Russia and the Second Coming of Vladimir Putin
This study examines the career of Vladimir Putin since his return to the Russian presidency in 2012, after four years as prime minister to his protégé Dmitry Medvedev, and how he has tightened his grip on power. It analyses the personality cult he has fostered, his revision of Russian history, his clampdown on human rights at home, and assertive stance abroad, including the annexation of Crimea and intervention in Syria.
The First Conspiracy
The Secret Plot to Kill George Washington
In 1776, during the early stages of the Revolutionary War, the governor and mayor of New York were involved in a bungled plot for George Washington’s bodyguards to kidnap or assassinate him and his chief officers. This proposed account of the conspiracy, and its discovery via a jailhouse confession, also casts light on the broader events that led to American independence.
Kennedy in Berlin
The German Trip in 1963
Kennedy's visit to West Germany in 1963 and his climactic 'ich bin ein Berliner' speech were key moments in the Cold War and the President's career, assuring the Berlin people that their freedom would be protected. This record of the trip selects the best images taken by Hamburg photographer, Ulrich Mack, who was with the Kennedy entourage throughout the tour.
Clan Fabius, Defenders of Rome
A History of the Republic's Most Illustrious Family
The Fabii Maximi, who claimed descent from Hercules, produced prominent military and political figures throughout the long history of the Roman Republic. McCall describes the lives and careers of individual members of the family, examines the facts and legends found in ancient historians’ accounts and demonstrates the extent of the Fabian contribution to the rise of Rome.
Not Just Politics
Carwyn Jones was First Minister of Wales from 2009 to 2018. In this memoir he recalls his childhood in a Welsh-speaking family in Bridgend, and how the 1984 miners’ strike inspired him to join the Labour Party. He describes balancing a political career while caring for his wife Lisa after her leukaemia diagnosis, working with three prime ministers, and building the devolved institutions of Wales.
The King's Assassin
The Secret Plot to Murder King James I
George Villiers, Duke of Buckingham, rose to the highest echelons of court society as the favourite of James I. Although they were thought to be lovers, when James died in 1625, Villiers was accused of poisoning him. Those rumours have long been dismissed, but Benjamin Woolley presents new evidence to suggest that the ambitious Villiers, frustrated with the king’s cautious policies, may indeed have killed his benefactor. Slightly off-mint.
Churchill: The life
An Authorised Pictorial Biography
This unique and intimate biography tells the eventful life of Winston Churchill (1874-1965) in photographs (some never before published) and material from the Churchill Papers. Often quoting his own words, the captions give the full context behind each image, with a focus on less familiar artefacts such as young Winston's battle plans for an invasion of Russia, the Boer War poster offering a ú25 reward for his capture and a 1927 snapshot of the Chancellor constructing a snowman.
The French Exception
Emmanuel Macron: The Extraordinary Rise and Risk
How did France’s youngest-ever president assemble the network, team and finances to sweep to electoral victory in just twelve months? Based on previously unpublished interviews with Emmanuel Macron’s friends, mentors, opponents, and key members of his team, this first biography in English charts his meteoric rise. It outlines his political vision, examines his support-base, analyses his strengths and weaknesses, and asks what his presidency means for Britain and the EU.
Jeremy Corbyn’s election as Labour leader in 2015 surprised, delighted and troubled many in the party. This biography seeks the roots of his ideas in his life and career. It describes his childhood in rural Shropshire, his marriages, and his 40 years as a rebellious backbencher, before covering his leadership campaign and unexpectedly strong showing in the 2017 election.
Churchill and Fisher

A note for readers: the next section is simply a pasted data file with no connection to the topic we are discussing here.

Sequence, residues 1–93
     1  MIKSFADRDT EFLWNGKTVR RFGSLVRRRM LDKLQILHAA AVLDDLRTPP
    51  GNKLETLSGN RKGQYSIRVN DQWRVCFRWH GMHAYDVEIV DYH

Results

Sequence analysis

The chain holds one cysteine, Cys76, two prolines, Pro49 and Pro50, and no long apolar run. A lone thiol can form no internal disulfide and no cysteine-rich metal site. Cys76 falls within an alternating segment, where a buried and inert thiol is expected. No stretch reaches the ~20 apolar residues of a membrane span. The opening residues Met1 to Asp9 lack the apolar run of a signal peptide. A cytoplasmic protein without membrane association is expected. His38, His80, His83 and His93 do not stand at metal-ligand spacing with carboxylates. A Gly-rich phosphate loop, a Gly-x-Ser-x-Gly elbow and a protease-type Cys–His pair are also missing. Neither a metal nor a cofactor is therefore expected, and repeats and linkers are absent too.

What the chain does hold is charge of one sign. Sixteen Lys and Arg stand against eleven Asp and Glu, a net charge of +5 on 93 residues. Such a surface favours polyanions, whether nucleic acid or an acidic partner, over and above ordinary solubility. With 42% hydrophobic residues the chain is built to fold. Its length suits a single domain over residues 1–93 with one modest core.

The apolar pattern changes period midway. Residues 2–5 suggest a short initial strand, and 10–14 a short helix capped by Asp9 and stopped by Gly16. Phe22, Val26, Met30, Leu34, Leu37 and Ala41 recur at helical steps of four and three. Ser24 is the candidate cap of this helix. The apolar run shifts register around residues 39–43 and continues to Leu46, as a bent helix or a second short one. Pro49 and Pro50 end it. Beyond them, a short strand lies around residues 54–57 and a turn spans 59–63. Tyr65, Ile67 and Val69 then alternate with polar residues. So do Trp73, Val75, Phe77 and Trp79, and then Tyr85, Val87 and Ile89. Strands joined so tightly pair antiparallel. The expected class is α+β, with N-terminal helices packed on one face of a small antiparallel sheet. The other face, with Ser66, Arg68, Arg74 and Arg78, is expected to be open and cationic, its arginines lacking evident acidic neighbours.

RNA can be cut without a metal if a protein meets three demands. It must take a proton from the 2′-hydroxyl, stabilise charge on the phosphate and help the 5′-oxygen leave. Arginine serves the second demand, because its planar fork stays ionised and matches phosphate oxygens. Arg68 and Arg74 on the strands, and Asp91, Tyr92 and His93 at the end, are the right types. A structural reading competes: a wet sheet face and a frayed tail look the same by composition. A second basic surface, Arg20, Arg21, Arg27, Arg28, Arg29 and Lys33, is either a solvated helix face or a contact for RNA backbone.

Titans at the Admiralty
The legendary Admiral Jacky Fisher and the energetic Winston Churchill were a formidable pair as the political and professional heads of the Royal Navy in the lead up to the First World War but their partnership ended in acrimony over the Gallipoli campaign. This detailed study of the two leaders’ term at the Admiralty draws on an extensive new analysis of the Churchill and Fisher papers held at Churchill College, Cambridge.
Punch and Judy Politics
An Insiders' Guide to Prime Minister's Questions
First formalized into a regular event in 1961, ‘PMQs’ dominates the lives of senior British politicians and is a source of fascination abroad. This book’s authors prepared Ed Miliband for combat each week; here they revisit the high and low points and survey the history and evolution of the format, with reflections from participants including Vince Cable, Tony Blair and David Cameron. An afterword brings the story up to 2018.
A History of Despots Through Their Writing
From Mein Kampf to Mao’s Little Red Book, dictators have often sought to expound their ideology in print, while some have even turned their hand to creative writing. Starting with the Big Five of 20th-century tyranny – Lenin, Stalin, Mussolini, Hitler and Mao – this study also examines the memoirs of Enver Hoxha, the poetry of Serb warlords, the historical fiction of Saddam Hussein and the speeches of Fidel Castro to provide a chilling insight into the despotic mindset.
The Spirit of Self-Help
A Life of Samuel Smiles
A worldwide sensation following its publication in 1859, Smiles’ Self-Help still influences our thinking about ‘the search for happiness’ in everyday life. This first biography of the man behind a modern phenomenon draws on his many other writings to trace how his ideas developed throughout his long life. It provides insights into the Victorians’ responses to their fast-changing world but also highlights the relevance of Smiles’ perspectives to today’s pressing questions about progress and freedom.
Makers of the Modern World: Prince Saionji
A powerful statesman and inscrutable diplomat, Saionji led a delegation committed to achieving racial equality and international influence. Their lack of success and the Conference’s compromise – the granting of colonial territory – sowed the seeds of further conflict. Slightly off-mint.
Makers of the Modern World: Friedrich Ebert
Imperial Chancellor as of 9 November 1918, Ebert guided the German delegation from Berlin. Rejecting the Versailles Treaty demands for punitive reparations, war crimes trials and admission of war guilt, Ebert considered re-opening hostilities before finally agreeing to sign. Slightly off-mint.
Makers of the Modern World: Georges Clemenceau
David Robin Watson describes the political career of Georges Clemenceau and his negotiations with his allies and adversaries at the Peace Conference, during which, as Chairman, he made the dramatic presentation of the Versailles Treaty to the German delegation. Slightly off-mint.
Makers of the Modern World: Wellington Koo
The return of Shandong, once a German colony, then occupied by Japan, was the focus of China’s Peace Conference negotiations. When Japan’s claim was upheld, the Chinese delegate, the distinguished diplomat Wellington Koo, refused to sign the Treaty of Versailles.